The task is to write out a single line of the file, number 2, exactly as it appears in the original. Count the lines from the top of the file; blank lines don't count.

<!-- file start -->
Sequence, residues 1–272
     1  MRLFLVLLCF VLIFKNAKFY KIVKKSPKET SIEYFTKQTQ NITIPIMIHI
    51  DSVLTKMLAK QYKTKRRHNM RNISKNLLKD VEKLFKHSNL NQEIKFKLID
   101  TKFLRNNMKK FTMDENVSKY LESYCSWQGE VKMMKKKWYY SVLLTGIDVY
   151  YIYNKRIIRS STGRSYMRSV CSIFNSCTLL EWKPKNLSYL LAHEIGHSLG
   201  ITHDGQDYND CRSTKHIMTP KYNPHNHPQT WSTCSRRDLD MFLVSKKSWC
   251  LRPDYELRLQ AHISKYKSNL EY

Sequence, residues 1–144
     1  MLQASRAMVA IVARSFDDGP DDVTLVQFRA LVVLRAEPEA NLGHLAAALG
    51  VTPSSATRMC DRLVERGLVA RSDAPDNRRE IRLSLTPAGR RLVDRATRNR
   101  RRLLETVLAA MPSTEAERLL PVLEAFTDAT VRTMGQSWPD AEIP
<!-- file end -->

     1  MRLFLVLLCF VLIFKNAKFY KIVKKSPKET SIEYFTKQTQ NITIPIMIHI